Water governance – the legitimizing discourse for exploitation

The so-called ‘water governance’ for the Mekong states is when the Mekong River defined as the economic zone –where is meant to be exploited at the national levels. But what is the face of a good water governance should be like?

By Hoang Duong

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Laos’s highest dream of the highest GDP comes with great risk

While mainstream economists and policy-makers favor the application of Gross Domestic Product (GDP) as the indicator of national progress and strategy of national development, this conventional GDP index numbers have come at a great incompensable cost for Lao people. 

By Jee Rung

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Future of Mekong River depends upon ‘public consultation’

By Hoang Duong and Paw Siriluk Sriprasit

The deadline of the public consultation of the Laos controversial Don Sahong dam, is coming up soon this January 25, 2015. Lao government will finalize all the social and environmental concerns of the dam project. It is believed to officially push forward the dam construction.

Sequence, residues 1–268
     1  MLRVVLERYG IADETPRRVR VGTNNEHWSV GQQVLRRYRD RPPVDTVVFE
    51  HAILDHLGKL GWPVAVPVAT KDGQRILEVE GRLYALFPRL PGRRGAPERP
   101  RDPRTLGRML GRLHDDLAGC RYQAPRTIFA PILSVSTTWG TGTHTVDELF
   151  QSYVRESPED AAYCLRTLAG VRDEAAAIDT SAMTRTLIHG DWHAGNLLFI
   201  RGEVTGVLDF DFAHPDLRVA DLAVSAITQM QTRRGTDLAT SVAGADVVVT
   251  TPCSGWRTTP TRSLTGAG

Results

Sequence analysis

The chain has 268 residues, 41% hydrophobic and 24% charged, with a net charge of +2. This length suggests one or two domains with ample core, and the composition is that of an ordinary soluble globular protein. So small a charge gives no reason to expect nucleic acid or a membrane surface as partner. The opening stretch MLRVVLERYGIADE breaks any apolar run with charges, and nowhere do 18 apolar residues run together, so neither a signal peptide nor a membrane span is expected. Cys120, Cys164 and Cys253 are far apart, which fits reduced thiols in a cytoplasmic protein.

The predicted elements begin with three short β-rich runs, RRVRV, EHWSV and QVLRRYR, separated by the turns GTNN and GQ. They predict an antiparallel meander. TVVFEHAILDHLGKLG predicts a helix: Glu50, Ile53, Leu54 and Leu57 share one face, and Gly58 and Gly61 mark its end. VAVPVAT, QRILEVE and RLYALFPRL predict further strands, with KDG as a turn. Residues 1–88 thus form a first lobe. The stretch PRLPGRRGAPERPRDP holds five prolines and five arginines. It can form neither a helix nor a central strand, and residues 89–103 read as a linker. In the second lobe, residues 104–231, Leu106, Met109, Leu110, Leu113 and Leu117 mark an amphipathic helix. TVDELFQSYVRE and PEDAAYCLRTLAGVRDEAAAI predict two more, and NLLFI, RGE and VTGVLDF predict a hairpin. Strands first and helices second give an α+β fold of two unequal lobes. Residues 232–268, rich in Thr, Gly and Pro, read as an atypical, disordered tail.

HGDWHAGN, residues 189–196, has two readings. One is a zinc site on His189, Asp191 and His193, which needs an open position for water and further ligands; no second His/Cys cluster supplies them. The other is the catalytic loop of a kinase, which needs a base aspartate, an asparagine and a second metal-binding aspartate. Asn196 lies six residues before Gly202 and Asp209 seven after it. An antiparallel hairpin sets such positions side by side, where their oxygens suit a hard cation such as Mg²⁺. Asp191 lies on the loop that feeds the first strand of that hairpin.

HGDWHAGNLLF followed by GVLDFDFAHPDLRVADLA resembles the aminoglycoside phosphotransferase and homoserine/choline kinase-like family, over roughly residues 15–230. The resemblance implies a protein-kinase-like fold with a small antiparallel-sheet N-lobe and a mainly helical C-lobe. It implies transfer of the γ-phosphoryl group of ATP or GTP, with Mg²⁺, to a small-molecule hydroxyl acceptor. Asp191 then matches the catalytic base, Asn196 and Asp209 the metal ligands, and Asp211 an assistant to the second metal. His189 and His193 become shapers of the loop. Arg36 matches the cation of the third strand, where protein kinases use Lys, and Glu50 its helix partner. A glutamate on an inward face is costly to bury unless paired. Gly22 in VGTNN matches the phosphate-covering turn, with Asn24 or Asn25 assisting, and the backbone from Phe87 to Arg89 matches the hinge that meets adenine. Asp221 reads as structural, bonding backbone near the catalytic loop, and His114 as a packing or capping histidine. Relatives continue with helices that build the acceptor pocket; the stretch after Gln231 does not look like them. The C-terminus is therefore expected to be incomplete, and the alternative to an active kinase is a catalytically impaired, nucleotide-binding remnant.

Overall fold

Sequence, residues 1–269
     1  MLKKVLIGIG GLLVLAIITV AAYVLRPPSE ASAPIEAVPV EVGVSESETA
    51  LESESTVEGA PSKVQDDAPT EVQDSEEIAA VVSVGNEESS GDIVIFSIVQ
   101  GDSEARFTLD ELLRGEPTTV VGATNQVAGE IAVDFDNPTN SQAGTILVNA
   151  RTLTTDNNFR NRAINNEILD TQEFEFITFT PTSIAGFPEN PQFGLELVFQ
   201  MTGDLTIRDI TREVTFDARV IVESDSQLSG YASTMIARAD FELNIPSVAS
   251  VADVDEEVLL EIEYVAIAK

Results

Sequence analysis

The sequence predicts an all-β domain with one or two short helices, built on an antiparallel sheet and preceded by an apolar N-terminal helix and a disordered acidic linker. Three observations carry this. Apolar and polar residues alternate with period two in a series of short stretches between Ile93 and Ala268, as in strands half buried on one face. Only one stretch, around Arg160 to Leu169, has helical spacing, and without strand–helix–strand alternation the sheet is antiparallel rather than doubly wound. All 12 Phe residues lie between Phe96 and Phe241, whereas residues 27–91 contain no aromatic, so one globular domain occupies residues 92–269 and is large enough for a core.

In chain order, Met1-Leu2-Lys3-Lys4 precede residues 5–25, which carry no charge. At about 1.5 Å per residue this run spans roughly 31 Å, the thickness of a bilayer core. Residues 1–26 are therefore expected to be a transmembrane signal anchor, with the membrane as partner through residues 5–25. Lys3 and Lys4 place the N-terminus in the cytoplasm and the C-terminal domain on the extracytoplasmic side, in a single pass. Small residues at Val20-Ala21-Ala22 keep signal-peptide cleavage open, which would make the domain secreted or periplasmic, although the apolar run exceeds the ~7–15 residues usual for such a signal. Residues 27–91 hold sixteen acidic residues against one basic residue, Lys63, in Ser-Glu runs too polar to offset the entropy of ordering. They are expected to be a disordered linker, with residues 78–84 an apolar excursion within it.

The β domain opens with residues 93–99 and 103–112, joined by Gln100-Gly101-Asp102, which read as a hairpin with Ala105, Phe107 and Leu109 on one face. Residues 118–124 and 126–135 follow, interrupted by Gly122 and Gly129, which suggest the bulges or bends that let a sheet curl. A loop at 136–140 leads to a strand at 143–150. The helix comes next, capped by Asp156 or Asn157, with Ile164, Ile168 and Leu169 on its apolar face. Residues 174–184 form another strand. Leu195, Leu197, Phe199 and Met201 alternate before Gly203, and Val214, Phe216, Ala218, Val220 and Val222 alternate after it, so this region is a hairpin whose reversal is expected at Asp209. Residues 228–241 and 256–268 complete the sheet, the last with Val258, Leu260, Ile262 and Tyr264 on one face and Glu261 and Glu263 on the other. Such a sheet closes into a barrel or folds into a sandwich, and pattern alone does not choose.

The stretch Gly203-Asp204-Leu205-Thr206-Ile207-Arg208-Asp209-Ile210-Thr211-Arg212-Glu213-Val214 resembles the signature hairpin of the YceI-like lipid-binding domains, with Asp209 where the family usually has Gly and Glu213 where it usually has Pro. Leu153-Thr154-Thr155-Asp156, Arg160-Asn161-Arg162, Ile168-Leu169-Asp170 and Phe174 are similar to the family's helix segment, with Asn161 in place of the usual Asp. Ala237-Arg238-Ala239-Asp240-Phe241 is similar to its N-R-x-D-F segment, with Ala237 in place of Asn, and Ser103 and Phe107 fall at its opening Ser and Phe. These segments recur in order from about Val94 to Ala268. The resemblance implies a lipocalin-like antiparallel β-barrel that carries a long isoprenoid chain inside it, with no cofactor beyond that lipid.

In the mid of overwhelming criticism and polarized standing-points among the lower Mekong river basin governments, communities, and environmental activists, the PNPCA deadline was proposed to be postponed for a better future of the Mekong River and her people. In accordingly, the Mekong River Commission (MRC) should seek for more consultations with all stakeholders, especially the local communities, whose livelihoods much rely on the river.

The International environmental organization, the International Rivers has also launched an online petition calling on the governments of Laos, Cambodia, Thailand and Vietnam “to cancel the Don Sahong Dam and seek more sustainable energy options that ensure the future of the Mekong River’s fish and her people,” (see here).

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Don Sahong dam in Laos: Energy at what cost?

The Mekong Commons just published an article “Don Sahong Dam in Laos: Energy at what cost?” written by the journalists, whom iMekong is closely working with. Cheers!

‘The first regional consultation for the Don Sahong hydropower dam in Laos produced more questions than answers. The dam threatens the region’s capture fisheries and will have high costs for local livelihoods. The authors explain why, as Laos embarks to become the energy hub for the Mekong Region, dams risk increasing rural poverty.’

Read the full story at the Mekong Commons here.